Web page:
I maintain about 15 client sites, and much of that work involves frequent updates to themes, plugins, and WordPress for each site. As part of this process, I try to keep every client up-to-date with the new features in plugins and WordPress as they become available. Usually, a new version of WordPress has one notable feature at most that really matters to WordPress users who aren’t the every-day type of editors.
WordPress 4.3 came out last week, though, and this one has two new, excellent features that all WordPress users should know about and take advantage of. Here they are, in order of my excitement!
New Text Shortcuts
For a long time, there have been keyboard shortcuts in WordPress.
ALT + SHIFT + 2 makes a heading 2,
ALT + SHIFT + Q makes a blockquote, etc. You can find the full list in the keyboard shortcuts help button:
In version 4.3, WordPress introduced new character shortcuts—you might think of them as a weird type of autocompletion—that you type directly into the editor and are converted to formats. They are fantastic, a total time saver, and also listed in that Keyboard Shortcuts help button.
For example, typing “-” or “*” and a space, automatically becomes the first bullet in an unordered list. “1.” or “1)” starts a numbered list. Here, I’ll do it right now to write out the full list of formatting shortcuts:
- “-” or “*” +
SPACE= bulleted list
- “1.” or “1)” +
SPACE= numbered list
- ## TEXT = Heading 2
- ### TEXT = Heading 3
- ####, #####, ###### = Headings 4, 5, and 6
- “>” Will turn a paragraph into a blockquote when you start a new paragraph.
Here’s a 20-second video from WordPress.org of those shortcuts in action:
If you ever don’t want the formatting change, just hit
BACKSPACE and then keep typing!
These are absolute time savers and worth immediately introducing to your WordPress usage. Go off and try them right now even! I’ll wait here…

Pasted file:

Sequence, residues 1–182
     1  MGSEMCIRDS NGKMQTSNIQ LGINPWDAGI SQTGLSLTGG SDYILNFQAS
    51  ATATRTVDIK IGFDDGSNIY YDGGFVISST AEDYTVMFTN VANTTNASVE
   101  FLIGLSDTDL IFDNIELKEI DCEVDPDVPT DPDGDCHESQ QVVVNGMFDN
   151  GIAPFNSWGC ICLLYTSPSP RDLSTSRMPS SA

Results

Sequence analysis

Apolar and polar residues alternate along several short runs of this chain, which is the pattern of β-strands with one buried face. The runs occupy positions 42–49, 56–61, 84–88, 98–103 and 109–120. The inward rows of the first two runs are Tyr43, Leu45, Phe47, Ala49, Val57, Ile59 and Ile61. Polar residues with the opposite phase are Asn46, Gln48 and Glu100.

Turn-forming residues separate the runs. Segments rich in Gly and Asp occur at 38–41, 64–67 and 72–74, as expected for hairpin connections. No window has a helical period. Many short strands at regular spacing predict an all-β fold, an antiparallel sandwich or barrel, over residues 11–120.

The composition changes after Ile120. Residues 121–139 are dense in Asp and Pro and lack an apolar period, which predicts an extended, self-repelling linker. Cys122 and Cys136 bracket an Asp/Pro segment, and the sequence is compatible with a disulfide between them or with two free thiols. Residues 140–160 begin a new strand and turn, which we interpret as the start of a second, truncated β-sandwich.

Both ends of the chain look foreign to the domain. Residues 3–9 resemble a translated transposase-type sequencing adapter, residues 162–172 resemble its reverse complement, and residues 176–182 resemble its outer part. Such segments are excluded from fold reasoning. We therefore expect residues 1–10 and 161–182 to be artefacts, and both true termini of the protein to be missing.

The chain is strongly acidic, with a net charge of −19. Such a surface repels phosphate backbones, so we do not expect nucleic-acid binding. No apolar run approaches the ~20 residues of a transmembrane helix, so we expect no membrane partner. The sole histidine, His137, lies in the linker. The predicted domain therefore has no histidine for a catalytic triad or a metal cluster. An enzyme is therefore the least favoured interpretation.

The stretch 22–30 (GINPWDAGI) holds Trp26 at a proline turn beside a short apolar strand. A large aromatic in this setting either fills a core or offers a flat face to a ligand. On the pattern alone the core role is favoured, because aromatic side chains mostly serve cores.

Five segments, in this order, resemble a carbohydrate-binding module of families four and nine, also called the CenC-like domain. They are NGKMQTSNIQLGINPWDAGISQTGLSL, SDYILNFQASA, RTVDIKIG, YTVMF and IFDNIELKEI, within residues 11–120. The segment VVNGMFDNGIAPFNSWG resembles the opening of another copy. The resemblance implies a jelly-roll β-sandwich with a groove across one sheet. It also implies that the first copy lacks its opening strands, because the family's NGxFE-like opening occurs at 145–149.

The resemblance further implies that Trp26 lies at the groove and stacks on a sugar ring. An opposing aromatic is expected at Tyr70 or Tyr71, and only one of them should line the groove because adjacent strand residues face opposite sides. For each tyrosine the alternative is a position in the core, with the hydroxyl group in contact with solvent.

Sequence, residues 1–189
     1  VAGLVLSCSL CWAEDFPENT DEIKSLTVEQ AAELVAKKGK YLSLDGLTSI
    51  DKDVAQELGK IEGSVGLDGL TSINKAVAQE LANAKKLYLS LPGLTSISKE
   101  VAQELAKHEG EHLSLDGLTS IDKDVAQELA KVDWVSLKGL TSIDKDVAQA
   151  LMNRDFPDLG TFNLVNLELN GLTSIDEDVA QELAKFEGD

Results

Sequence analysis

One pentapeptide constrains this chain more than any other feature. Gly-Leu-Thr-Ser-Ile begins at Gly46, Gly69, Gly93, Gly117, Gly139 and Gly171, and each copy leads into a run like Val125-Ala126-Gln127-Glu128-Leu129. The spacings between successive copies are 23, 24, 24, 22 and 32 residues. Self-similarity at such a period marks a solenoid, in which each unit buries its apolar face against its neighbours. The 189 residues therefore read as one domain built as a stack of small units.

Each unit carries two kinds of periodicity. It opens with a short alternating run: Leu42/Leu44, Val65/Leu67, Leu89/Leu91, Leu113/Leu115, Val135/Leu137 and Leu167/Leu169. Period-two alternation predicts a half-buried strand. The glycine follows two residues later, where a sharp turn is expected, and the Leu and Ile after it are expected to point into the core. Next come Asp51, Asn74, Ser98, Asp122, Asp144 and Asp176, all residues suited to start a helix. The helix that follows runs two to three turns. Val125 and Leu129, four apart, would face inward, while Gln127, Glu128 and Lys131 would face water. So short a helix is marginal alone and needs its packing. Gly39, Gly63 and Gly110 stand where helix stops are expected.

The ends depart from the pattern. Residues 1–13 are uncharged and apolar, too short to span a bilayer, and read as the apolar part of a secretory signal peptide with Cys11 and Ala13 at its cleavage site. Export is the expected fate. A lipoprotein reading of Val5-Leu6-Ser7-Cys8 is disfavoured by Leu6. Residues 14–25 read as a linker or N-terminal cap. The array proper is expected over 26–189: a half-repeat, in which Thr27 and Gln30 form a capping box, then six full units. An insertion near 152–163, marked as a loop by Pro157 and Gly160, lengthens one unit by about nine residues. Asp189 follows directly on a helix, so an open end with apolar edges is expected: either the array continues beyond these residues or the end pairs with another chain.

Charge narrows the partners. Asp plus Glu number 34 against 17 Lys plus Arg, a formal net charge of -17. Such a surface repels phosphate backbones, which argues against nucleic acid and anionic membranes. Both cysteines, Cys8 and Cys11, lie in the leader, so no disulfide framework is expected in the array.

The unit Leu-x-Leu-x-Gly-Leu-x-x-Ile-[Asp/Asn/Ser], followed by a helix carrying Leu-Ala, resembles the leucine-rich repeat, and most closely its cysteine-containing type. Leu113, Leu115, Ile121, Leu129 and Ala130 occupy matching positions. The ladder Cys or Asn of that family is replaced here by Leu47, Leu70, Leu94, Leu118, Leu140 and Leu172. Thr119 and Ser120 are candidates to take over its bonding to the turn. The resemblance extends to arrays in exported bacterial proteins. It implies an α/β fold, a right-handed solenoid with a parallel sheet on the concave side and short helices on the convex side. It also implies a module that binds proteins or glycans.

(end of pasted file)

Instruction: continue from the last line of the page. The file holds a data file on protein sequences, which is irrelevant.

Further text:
Stronger Passwords, Less Thought
…and welcome back. That was fun, right!?
The other big feature that you should ready yourself to encounter is the new password management system. It includes a series of workflow and interface changes that add up to a much more secure set of users.
First, passwords will no longer be emailed to users. Instead, when you get a new user account, the process now mimics the password reset process:
Next, WordPress encourages you to let it set the passwords itself. In fact, it won’t even show you the option at first:
And if you do click “Show password,” you’ll see it’s a beautiful, randomly generated password:
If you shorten it, it might give you a warning:
And if you do something I know you know is bad:
That’s right, WordPress now makes you click a checkbox saying “Confirm use of weak password”!
Dealing with those stronger password
Now I know that some of you are staring at that strong password (“leCBVGfoRsi4W)^w(87nTvcY”) and feeling your heart beat out of your chest with anxiety. It’s time to conquer your fears and take this opportunity to improve your password management!
There are lots of “password” managers that will help you automatically save and retrieve your passwords. Many have other great features like form autocompletion, password sharing, and even credit card fraud monitoring.